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  • Making a Killing: The Business of War

    This 11-part series by the International Consortium of International Journalists and the Center of Public Integrity examines the "economic conflict in the post-Cold War era and those who profit from it. Individual stories looked at how, amid the military downsizing and increasing number of small conflicts that followed the end of the Cold War, governments are turning increasingly to private military companies -- a newly coined euphemism for mercenaries -- to intervene on their behalf in war zones around the globe. Often, these companies work as proxies for national or corporate interests, whose involvement is buried under layers of secrecy. ICIJ also found that a handful of individuals and companies with connections to governments, multinational corporations, and sometimes criminal syndicates, in Europe, the Middle East and the United States, profited from these wars.Entrepreneurs selling arms and companies drilling and mining in unstable regions have prolonged the conflicts, in which up to 10 million people have died. "
  • Gunrunners

    This Web site was done jointly with a PBS Frontline/Word episode, "Gunrunners," which examined the "secret activities of international gun smugglers and the efforts of United Nations investigators to track and stop this trafficking," according to the contest questionnaire.
  • The Secret Behind the Sanctions: How the U.S. Intentionally Destroyed Iraq's Water Supply

    Thomas Nagy and The Progressive discover that government documents from the Defense Intelligence Agency prove "beyond a doubt that, contrary to the Geneva convention, the U.S. government intentionally used sanctions against Iraq to degrade the country's water supply after the Gulf War."
  • Shopping with Saddam Hussein

    A Commentary investigation sheds light on how Iraq has been smuggling weapons in the 90s, using middlemen in Jordan, and violating the international restrictions imposed after the Gulf War. The reporters base their findings on confidential UN reports, which have never been published. The article details how Iraqi delegations have negotiated purchases of parts, weapons or technical assistance from Belarus, Russia, Ukraine and Romania. Firms from these countries participated in shady arms deals negotiations and were ready to sell weapons and missile parts in violation of the embargo. Reporters however have found no clear proof for the realization of the deals.
  • The Secret Behind the Sanctions

    A Progressive Magazine investigation reveals that "contrary to the Geneva Convention, the U.S. government intentionally used sanctions against Iraq to degrade the county's water supply after the Gulf War." The story reports on documents of the Defense Intelligence Agency proving "the United States knew the cost that civilian Iraqis, mostly children, would pay, but it went ahead anyway." The article describes multiple death cases, mostly of children, that resulted from the degraded water supply. The author points out that "over the last decade, Washington extended the toll by continuing to withhold approval for Iraq to import the few chemicals and items of equipment it needed in order to clean up its water supply."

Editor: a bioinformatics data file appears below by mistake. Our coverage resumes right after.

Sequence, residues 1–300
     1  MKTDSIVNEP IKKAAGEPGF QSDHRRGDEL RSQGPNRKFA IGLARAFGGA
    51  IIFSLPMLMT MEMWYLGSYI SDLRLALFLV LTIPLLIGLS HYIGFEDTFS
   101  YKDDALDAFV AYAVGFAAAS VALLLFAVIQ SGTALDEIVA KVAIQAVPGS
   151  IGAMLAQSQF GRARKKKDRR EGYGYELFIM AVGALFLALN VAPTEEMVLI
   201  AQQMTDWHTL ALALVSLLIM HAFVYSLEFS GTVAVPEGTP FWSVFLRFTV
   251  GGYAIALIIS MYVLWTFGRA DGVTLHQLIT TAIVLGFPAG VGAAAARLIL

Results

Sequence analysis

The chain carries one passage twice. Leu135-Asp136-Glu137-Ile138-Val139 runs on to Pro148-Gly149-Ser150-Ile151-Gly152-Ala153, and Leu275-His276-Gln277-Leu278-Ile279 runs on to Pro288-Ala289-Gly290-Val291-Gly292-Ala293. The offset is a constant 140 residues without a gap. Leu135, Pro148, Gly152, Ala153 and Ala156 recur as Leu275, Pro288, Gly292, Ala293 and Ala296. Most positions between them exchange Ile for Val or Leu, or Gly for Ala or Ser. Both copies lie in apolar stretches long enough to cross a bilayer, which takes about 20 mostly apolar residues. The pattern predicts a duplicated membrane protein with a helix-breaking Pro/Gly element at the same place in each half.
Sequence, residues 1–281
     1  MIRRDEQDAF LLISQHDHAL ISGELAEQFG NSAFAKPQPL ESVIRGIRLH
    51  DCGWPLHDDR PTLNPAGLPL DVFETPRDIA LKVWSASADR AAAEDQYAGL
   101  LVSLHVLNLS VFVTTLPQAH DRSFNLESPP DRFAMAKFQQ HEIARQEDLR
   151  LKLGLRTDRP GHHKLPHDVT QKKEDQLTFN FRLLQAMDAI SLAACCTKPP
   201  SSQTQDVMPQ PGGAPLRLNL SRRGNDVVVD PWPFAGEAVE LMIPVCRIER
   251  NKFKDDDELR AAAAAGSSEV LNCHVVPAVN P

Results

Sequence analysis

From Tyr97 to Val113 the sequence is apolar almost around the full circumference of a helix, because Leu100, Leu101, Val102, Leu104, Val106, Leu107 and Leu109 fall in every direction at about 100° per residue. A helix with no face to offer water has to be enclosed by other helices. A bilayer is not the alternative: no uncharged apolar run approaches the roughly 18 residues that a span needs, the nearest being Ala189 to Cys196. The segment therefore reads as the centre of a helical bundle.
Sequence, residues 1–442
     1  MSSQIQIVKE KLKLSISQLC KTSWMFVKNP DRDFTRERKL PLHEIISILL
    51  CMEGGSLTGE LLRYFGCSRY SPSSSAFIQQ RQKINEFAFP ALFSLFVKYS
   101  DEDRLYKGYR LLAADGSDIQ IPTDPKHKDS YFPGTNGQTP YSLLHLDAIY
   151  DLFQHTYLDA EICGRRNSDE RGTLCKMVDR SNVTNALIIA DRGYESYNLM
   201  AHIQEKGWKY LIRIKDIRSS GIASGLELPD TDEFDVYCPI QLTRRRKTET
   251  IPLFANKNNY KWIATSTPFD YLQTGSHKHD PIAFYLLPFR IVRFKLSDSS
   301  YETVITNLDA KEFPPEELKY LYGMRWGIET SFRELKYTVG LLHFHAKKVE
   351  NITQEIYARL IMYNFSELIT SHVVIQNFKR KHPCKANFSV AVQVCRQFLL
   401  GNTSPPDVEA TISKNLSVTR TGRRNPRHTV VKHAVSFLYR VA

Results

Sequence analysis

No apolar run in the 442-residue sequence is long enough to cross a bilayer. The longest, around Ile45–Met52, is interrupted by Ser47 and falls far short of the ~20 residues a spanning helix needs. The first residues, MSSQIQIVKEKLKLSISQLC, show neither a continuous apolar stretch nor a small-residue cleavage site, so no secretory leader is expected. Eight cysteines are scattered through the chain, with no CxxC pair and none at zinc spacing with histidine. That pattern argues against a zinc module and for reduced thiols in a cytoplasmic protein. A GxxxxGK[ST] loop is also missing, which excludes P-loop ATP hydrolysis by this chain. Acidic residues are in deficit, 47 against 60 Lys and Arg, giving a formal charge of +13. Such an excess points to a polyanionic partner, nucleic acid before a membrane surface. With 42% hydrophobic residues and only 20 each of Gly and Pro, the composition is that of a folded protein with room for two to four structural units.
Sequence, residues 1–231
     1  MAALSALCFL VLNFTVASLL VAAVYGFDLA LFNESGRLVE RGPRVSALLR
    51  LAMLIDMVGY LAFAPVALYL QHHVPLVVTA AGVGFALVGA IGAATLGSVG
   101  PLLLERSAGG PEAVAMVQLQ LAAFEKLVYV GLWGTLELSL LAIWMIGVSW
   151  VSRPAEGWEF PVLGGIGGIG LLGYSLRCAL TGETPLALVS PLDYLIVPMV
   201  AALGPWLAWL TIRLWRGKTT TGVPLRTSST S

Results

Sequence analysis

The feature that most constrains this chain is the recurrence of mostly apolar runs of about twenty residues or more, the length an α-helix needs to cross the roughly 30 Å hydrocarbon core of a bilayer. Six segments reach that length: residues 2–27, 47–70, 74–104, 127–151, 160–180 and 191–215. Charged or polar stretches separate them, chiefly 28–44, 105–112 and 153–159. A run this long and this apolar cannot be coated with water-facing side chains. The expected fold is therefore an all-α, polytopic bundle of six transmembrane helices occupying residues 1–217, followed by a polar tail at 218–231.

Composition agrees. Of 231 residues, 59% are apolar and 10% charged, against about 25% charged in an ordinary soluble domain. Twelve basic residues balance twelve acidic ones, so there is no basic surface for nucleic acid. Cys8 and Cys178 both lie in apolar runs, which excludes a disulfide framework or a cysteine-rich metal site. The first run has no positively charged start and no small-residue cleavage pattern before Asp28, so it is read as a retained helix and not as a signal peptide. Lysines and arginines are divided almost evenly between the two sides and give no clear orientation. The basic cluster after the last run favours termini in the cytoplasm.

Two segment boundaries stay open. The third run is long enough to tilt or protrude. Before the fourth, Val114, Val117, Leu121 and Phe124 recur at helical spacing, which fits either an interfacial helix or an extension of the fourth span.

• Arming Iraq/Made in America

    San Francisco Bay Guardian documents how the U.S. government and Western corporations are largely responsible for Iraq obtaining the necessary knowledge and know-how to create weapons of mass destruction, including how to detonate nuclear weapons.
  • Her Own Private Tailhook

    The New York Times Magazine reports that "after the Gulf War, the Air Force Academy beefed up cadet training with a mock rape 'scenario.' Elizabeth Saum was the first casualty.
  • Anatomy of a scandal

    Village Voice (New York) discloses how the Reagan and Bush administration covertly and illegally armed Iraq and Saddam Hussein for a decade, ignoring dozens of warnings about his instability, before doing an about-face and starting the Gulf War; examines how agricultural loan guarantees were misused and an Italian bank exceeded credit lines to Iraq.
  • Radical Movements Thrive on Loose structure, strict Ideology; Global Network Provides Money, Haven

    Washington Post details the origins, nature and interrelations of violent Islamic movements around the world; finds that most are a part of a loose international network inspired, trained and often financed by sheiks, foundations, government agencies and freelance activists throughout the Persian Gulf and the United States.
  • From Boca to Baghdad

    The News (Boca Raton, Fla.) finds that a cherry flavoring plant in Boca Raton that was used as a front by an arms dealer to funnel $2 billion in military equipment to Iraq; the shipments were funded by a U.S. program of government-guaranteed loans which were meant to give the country agricultural assistance, and will not be paid back by Saddam Hussein.